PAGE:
dumpkeys man page on Archlinux

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DUMPKEYS(1)							   DUMPKEYS(1)

       dumpkeys - dump keyboard translation tables

       dumpkeys	 [  -hilfn -ccharset --help --short-info --long-info --numeric
       --full-table --funcs-only --keys-only --compose-only  --charset=charset

       dumpkeys	 writes,  to  the standard output, the current contents of the
       keyboard driver's  translation  tables,	in  the	 format	 specified  by

       Using  the  various options, the format of the output can be controlled
       and also other information from the kernel and the programs dumpkeys(1)
       and loadkeys(1) can be obtained.

       -h --help
	      Prints the program's version number and a short usage message to
	      the program's standard error output and exits.

       -i --short-info
	      Prints some characteristics of the kernel's keyboard driver. The
	      items shown are:

	      Keycode range supported by the kernel

		     This tells what values can be used after the keycode key‐
		     word in keytable files. See keymaps(5) for more  informa‐
		     tion and the syntax of these files.

	      Number of actions bindable to a key

		     This  tells  how  many different actions a single key can
		     output using various modifier keys. If the	 value	is  16
		     for example, you can define up to 16 different actions to
		     a key combined with modifiers. When the value is 16,  the
		     kernel probably knows about four modifier keys, which you
		     can press in  different  combinations  with  the  key  to
		     access all the bound actions.

	      Ranges of action codes supported by the kernel

		     This  item contains a list of action code ranges in hexa‐
		     decimal notation.	These are the values that can be  used
		     in	 the right hand side of a key definition, ie. the vv's
		     in a line

			    keycode xx = vv vv vv vv

		     (see keymaps(5) for more information about the format  of
		     key  definition lines).  dumpkeys(1) and loadkeys(1) sup‐
		     port a symbolic notation,	which  is  preferable  to  the
		     numeric  one, as the action codes may vary from kernel to
		     kernel while the symbolic names usually remain the	 same.
		     However,  the  list  of action code ranges can be used to
		     determine, if the kernel actually supports all  the  sym‐
		     bols  loadkeys(1)	knows, or are there maybe some actions
		     supported by the kernel that have	no  symbolic  name  in
		     your  loadkeys(1)	program.  To see this, you compare the
		     range list	 with  the  action  symbol  list,  see	option
		     --long-info below.

	      Number of function keys supported by kernel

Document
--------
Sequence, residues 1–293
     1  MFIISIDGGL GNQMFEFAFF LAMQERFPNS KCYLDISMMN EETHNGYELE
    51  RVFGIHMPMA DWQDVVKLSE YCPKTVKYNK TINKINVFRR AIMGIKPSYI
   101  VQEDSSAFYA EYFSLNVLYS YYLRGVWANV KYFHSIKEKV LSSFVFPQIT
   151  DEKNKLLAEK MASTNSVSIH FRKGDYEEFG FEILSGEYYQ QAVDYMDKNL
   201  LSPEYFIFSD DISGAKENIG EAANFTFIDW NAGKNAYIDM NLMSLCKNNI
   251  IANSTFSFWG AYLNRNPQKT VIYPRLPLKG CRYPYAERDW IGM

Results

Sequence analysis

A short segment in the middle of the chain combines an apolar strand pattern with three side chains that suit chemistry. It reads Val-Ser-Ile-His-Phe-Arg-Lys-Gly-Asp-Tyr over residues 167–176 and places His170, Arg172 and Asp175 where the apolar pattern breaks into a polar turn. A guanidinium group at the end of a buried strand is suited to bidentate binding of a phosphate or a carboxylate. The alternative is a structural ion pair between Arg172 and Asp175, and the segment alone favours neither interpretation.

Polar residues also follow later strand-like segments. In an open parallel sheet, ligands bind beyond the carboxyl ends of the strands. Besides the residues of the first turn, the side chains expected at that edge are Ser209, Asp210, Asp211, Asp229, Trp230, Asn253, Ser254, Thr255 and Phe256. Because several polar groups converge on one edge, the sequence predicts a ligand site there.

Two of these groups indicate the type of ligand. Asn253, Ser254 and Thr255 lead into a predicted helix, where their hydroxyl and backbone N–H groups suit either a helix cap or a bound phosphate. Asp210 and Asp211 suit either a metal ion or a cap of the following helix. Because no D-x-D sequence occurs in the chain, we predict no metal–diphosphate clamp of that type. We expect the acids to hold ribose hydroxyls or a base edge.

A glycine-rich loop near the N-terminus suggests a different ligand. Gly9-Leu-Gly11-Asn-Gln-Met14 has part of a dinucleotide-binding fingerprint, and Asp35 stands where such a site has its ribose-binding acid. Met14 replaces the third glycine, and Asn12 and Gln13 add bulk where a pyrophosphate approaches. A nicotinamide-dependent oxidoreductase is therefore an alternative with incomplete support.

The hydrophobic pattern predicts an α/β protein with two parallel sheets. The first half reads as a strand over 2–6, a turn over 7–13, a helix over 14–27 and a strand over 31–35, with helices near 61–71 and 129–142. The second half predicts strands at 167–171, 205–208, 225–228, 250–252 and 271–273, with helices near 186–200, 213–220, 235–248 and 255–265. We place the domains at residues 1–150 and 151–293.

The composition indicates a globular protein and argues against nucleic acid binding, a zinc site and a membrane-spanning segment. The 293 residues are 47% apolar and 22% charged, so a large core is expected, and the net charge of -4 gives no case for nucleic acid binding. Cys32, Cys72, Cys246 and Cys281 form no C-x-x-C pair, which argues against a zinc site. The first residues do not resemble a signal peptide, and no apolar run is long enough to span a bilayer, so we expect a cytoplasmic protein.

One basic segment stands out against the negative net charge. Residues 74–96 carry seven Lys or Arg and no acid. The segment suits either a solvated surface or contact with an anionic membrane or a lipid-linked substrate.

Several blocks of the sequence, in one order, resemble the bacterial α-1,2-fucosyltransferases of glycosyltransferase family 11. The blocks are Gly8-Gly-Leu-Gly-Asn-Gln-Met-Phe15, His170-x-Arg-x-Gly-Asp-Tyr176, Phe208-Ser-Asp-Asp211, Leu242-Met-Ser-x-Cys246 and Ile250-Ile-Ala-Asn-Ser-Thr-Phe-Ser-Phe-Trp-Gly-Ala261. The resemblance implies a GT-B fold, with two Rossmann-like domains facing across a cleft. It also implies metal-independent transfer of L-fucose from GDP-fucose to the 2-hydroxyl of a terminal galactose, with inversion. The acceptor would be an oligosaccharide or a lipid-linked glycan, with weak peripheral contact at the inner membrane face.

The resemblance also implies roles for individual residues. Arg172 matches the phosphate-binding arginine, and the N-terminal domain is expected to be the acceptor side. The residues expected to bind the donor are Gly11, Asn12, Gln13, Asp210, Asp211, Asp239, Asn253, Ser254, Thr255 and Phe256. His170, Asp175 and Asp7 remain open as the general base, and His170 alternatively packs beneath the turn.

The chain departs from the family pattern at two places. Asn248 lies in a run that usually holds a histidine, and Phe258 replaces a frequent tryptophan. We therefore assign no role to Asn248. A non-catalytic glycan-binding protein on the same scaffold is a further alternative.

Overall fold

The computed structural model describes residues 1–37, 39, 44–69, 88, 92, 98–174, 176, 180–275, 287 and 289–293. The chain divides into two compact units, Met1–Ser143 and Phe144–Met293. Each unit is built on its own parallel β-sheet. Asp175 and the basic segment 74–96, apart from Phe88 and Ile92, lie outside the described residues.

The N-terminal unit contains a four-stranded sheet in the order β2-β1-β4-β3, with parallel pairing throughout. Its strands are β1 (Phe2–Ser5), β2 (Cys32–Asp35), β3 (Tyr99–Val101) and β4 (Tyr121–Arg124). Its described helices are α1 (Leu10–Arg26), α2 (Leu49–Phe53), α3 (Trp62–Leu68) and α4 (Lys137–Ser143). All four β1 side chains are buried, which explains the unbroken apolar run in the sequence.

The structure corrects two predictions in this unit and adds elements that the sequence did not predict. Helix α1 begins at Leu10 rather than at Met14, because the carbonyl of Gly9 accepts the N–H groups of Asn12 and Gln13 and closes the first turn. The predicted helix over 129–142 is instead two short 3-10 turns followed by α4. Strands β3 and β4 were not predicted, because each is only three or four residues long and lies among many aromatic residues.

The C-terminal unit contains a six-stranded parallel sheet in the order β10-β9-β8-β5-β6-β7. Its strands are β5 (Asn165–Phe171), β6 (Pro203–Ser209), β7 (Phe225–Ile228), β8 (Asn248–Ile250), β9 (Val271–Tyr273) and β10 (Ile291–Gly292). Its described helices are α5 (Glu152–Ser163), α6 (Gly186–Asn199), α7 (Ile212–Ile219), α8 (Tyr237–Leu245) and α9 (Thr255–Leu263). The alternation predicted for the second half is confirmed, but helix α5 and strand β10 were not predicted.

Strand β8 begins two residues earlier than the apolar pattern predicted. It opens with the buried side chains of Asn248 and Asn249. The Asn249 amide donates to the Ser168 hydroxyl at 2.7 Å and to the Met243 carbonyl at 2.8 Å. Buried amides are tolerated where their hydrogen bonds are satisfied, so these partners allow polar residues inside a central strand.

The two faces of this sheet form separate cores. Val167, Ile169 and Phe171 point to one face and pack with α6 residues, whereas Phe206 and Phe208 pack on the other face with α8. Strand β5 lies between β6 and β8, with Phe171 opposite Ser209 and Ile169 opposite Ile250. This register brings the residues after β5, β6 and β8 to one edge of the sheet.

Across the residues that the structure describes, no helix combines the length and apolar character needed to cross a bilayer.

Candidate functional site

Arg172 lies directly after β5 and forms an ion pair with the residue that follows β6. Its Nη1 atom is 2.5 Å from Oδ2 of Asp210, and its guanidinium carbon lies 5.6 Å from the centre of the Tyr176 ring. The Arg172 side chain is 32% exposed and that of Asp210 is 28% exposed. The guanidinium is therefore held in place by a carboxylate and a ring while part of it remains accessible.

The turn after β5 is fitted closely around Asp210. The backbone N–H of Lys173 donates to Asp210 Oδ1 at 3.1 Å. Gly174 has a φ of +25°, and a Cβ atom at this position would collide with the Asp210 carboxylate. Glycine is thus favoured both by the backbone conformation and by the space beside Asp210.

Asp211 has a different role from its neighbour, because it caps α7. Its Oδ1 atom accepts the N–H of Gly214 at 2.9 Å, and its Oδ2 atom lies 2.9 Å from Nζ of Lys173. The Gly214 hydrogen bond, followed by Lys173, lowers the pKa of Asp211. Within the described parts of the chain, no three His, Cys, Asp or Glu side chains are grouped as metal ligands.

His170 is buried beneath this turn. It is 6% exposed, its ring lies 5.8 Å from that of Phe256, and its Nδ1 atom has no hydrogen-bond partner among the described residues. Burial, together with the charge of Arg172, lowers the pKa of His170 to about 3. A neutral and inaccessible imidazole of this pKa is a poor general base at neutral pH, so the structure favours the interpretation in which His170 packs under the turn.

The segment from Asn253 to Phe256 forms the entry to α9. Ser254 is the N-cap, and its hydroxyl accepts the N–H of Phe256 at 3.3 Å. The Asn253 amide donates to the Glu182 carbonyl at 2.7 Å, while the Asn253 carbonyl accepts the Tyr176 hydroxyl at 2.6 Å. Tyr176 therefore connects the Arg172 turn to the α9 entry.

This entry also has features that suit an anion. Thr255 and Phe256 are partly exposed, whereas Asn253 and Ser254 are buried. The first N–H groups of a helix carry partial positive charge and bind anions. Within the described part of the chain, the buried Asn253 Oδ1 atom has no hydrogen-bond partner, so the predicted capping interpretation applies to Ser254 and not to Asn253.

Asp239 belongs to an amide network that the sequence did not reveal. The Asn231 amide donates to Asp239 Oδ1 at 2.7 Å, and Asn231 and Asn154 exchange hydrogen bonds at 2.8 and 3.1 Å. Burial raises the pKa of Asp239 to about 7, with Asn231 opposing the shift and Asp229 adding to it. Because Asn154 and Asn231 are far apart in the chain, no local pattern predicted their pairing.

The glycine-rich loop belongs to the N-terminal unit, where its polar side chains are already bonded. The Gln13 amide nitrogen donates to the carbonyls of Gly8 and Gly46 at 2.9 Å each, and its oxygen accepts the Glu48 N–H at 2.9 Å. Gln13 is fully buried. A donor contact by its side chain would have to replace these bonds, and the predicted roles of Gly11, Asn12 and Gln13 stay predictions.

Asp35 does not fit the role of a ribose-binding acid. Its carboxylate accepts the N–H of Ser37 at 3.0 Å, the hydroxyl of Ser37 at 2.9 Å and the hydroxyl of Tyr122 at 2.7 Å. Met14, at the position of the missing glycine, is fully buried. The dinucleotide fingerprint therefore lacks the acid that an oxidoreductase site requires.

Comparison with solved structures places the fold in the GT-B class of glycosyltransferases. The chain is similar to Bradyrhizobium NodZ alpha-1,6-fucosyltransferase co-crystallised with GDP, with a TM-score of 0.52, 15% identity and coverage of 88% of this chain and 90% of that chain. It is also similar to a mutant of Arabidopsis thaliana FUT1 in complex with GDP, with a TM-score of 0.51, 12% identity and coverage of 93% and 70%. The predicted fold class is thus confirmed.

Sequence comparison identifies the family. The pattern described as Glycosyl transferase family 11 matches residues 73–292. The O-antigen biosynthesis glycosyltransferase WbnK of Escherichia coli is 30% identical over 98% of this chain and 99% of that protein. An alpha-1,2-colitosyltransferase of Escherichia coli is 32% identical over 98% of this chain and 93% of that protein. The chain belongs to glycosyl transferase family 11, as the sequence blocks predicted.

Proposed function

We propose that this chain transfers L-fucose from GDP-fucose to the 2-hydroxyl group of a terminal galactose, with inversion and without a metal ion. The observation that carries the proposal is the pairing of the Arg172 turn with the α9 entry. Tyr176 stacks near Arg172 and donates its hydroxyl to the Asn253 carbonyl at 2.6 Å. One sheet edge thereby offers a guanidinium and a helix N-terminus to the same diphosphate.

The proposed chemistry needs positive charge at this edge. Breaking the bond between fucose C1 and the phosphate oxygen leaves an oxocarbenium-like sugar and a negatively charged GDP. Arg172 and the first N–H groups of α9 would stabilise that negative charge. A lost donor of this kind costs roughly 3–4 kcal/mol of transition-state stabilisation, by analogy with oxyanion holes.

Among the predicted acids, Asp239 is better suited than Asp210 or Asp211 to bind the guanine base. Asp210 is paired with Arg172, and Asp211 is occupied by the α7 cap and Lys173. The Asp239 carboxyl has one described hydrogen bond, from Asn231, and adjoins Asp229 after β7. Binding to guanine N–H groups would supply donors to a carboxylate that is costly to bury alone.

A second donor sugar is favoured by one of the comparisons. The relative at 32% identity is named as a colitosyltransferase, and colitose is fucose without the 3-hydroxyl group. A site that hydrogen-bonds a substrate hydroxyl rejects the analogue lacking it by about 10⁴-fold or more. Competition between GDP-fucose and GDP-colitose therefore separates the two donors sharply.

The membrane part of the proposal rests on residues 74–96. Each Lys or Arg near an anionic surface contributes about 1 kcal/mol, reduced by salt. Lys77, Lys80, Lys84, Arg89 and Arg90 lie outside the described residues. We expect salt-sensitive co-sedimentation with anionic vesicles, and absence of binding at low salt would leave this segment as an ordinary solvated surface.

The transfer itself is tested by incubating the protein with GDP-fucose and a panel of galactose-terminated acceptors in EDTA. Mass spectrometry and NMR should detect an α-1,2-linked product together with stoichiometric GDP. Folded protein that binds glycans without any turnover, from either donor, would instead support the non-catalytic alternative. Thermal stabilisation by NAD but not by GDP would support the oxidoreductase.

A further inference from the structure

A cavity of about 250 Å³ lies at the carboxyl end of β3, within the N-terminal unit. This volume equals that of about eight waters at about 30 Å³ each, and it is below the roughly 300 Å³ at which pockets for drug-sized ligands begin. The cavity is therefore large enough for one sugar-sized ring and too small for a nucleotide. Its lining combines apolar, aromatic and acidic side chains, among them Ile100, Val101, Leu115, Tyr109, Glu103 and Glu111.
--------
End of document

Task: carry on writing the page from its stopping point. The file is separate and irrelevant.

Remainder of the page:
This tells the number of action codes that can be used to
		     output strings of characters. These action codes are tra‐
		     ditionally bound to the various function and editing keys
		     of the keyboard and are defined to send  standard	escape
		     sequences. However, you can redefine these to send common
		     command lines, email  addresses  or  whatever  you	 like.
		     Especially if the number of this item is greater than the
		     number of function and editing keys in your keyboard, you
		     may  have	some "spare" action codes that you can bind to
		     AltGr-letter combinations, for example, to send some use‐
		     ful strings. See loadkeys(1) for more details.

	      Function strings

		     You can see you current function key definitions with the

			    dumpkeys --funcs-only

       -l --long-info
	      This option instructs dumpkeys to print a long information list‐
	      ing.  The	 output	 is the same as with the --short-info appended
	      with the list of action symbols  supported  by  loadkeys(1)  and
	      dumpkeys(1), along with the symbols' numeric values.

       -n --numeric
	      This  option causes dumpkeys to by-pass the conversion of action
	      code values to symbolic notation and to print the in hexadecimal
	      format instead.

       -f --full-table
	      This  makes  dumpkeys  skip  all	the short-hand heuristics (see
	      keymaps(5)) and output the key bindings in the  canonical	 form.
	      First  a	keymaps line describing the currently defined modifier
	      combinations is printed. Then for each key a row with  a	column
	      for  each	 modifier  combination is printed. For example, if the
	      current keymap in use uses seven modifiers, every row will  have
	      seven action code columns. This format can be useful for example
	      to programs that post-process the output of dumpkeys.

	      When this option is given, dumpkeys prints only the function key
	      string  definitions. Normally dumpkeys prints both the key bind‐
	      ings and the string definitions.

	      When this option is given, dumpkeys prints only  the  key	 bind‐
	      ings.  Normally  dumpkeys	 prints	 both the key bindings and the
	      string definitions.

	      When this option is given, dumpkeys prints only the compose  key
	      combinations.   This option is available only if your kernel has
	      compose key support.

       -ccharset  --charset=charset
	      This instructs  dumpkeys	to  interpret  character  code	values
	      according	 to the specified character set. This affects only the
	      translation of character code values to  symbolic	 names.	 Valid
	      values  for charset currently are iso-8859-X, Where X is a digit
	      in 1-9.  If no charset is specified, iso-8859-1  is  used	 as  a
	      default.	  This	 option	  produces  an	output	line  `charset
	      "iso-8859-X"', telling loadkeys how  to  interpret  the  keymap.
	      (For  example,  "division"  is  0xf7  in	iso-8859-1 but 0xba in

			   recommended directory for keytable files

       loadkeys(1), keymaps(5)

				  1 Sep 1993			   DUMPKEYS(1)

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